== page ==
In my earlier post recounting some thoughts about the year that was, I mentioned realizing that my thoughts on photography and art required a few course corrections last year. This is certainly not the first time and I thought it might be helpful to further elaborate on some of the ones that made a significant difference in my work.
Recognizing that some of these may be touchy topics, I would like to state that they are personal choices guided by goals I set for my own work. It is not my intent to proclaim them universal truths, nor to suggest that opposing opinions are any more or less valid in an absolute sense. My intent is to share milestones in the evolution of my own thinking, in the hope that others may find them interesting or even helpful, whether they agree with me or not.
One reason 2012 was a pivotal year for me is that, after decades of holding on to stories and notions I was not quite prepared to share, I finally decided to “go there.” I stood on stages and delivered presentations revealing aspects of myself I never have before. To my surprise, the response was both favorable and cathartic. Prompted by a suggestion from a former magazine editor, I also began working on a book around the same themes.
Each of the sections below deserves much broader discussion than may be appropriate for a blog post. I hope to do them justice in the book.
I Don’t Want to be Ansel Adams
It was nearly two decades ago when, along with a few would-be friends and colleagues, I participated in early versions of various photography forums. It was a turning point for many of us, having recognized that our photography transitioned from being merely a hobby into a “serious” hobby. We shared an appreciation for the wild, for the beauty of natural scenery, for hiking and exploring. We pretty much all did the same thing back then – incessantly pursuing aesthetically-pleasing renditions of scenes from our outdoor exploits, pursuing sunrises and sunsets, checking off the same scenic locations, occasionally trying to find new views, arches, hoodoos and canyons not yet photographed, mostly for bragging rights.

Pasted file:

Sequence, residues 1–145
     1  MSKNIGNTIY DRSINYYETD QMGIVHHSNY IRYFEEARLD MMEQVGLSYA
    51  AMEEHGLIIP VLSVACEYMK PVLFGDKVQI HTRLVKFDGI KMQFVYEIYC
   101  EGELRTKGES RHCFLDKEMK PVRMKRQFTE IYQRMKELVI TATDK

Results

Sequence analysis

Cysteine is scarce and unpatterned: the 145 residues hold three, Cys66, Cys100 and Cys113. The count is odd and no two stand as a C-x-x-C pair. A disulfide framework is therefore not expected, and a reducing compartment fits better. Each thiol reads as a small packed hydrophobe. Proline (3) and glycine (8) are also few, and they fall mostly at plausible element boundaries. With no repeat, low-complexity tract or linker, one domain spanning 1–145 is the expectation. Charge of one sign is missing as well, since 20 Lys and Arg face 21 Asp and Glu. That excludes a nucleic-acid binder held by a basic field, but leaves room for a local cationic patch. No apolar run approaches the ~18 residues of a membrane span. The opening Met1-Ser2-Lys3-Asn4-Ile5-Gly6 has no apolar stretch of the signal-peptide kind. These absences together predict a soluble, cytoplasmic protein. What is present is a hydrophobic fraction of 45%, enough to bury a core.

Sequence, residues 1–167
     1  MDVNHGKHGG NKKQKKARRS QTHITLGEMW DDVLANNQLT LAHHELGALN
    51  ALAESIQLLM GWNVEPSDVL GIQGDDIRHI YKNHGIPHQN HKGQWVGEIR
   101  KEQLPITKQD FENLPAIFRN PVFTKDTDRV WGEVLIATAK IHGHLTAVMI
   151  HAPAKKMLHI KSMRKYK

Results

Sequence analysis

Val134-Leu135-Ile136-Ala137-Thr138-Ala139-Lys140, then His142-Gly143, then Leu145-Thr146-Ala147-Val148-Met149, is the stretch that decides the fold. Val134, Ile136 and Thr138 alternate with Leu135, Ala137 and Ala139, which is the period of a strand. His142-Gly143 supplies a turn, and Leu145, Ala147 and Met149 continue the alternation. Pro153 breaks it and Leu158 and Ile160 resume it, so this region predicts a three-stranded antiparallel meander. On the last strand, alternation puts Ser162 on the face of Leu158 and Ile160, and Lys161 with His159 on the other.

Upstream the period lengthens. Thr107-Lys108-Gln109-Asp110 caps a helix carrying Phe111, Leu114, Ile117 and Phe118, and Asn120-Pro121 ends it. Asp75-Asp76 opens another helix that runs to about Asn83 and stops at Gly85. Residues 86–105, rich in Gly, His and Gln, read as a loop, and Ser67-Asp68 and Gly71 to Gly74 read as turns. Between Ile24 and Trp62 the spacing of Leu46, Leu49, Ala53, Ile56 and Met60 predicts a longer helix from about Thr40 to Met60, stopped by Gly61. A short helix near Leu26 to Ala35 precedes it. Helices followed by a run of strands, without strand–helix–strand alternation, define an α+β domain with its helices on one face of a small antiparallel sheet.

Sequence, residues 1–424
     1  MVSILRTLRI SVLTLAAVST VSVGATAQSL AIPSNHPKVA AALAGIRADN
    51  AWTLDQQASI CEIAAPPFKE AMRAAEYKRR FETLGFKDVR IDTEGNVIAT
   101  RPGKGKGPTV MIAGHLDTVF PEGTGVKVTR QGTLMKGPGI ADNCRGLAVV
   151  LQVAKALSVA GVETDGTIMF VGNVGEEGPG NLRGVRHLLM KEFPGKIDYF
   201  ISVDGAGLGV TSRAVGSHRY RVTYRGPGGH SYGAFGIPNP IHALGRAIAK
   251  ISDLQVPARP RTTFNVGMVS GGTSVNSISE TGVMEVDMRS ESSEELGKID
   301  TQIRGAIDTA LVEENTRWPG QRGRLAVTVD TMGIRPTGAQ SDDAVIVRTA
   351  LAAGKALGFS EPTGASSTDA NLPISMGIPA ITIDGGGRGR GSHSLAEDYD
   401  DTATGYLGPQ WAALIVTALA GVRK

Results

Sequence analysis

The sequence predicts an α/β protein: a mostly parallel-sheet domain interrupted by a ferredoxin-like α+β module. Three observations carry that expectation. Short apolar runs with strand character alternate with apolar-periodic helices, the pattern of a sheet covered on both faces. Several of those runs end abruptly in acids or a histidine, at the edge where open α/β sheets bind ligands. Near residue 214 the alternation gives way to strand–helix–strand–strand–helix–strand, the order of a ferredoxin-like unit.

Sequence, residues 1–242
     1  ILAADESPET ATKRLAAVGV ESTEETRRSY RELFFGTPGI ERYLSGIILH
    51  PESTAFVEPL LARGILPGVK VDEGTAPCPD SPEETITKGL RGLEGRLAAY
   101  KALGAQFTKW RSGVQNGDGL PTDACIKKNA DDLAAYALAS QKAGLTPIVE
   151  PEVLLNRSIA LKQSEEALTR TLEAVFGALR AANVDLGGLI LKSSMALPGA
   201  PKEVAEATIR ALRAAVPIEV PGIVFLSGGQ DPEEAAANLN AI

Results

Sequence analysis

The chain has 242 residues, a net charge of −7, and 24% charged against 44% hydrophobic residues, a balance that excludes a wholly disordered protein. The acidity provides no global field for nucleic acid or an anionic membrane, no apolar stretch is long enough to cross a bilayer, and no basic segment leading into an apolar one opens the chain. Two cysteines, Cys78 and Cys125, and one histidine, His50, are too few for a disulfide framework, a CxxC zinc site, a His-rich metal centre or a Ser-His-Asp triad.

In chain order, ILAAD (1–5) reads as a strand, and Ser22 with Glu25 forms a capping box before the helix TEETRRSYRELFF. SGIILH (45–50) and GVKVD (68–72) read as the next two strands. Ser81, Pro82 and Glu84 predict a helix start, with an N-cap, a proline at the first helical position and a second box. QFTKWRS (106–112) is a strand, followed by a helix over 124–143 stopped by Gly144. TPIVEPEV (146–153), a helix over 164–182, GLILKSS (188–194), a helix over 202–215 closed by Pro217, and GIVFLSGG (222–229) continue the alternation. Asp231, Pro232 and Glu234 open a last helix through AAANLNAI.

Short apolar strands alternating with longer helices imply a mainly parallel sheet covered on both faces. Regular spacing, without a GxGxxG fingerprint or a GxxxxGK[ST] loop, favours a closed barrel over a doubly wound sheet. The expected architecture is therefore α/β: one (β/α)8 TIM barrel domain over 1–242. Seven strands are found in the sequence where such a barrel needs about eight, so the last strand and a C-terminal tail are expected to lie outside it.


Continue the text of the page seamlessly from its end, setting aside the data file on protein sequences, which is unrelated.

We each wanted to be the “Ansel Adams of color” despite having little knowledge of Adams’ actual methods or philosophy and not quite realizing how nonsensical the very expression is. All we knew was that he was a successful photographer and, at the time, that seemed as high a goal as any to aspire to. Years of study resulted in a deeper understanding of Adams and many others, and the recognition that there was much more to photography than being “like Ansel Adams,” or anyone else for that matters. Ansel Adams was like Ansel Adams, and that’s enough.
It is interesting and inspiring to me today to see the different directions taken by some of the friends I made in those days, and how some of us found our own voices in our work. The fact that, to this day, we remain friends and are as passionate as we ever were, and continue along a journey of discovery and evolution of our individual paths – in life, in photography and in art – is a testament to the power of the medium to enrich lives and to serve as an inexhaustible source of inspiration and discovery. Without these, I surely would not be an artist today.
I don’t want to be Ansel Adams. I want to be me. I’m glad to be me. This wasn’t always the case.
There’s no denying the sheer power of the grand landscape, and the immense temptation it presents to a photographer. Just be there at the right time, with the right lens, and let the scenery do the singing. And who can remain oblivious to a heaping dose of sheer majestic magnificence?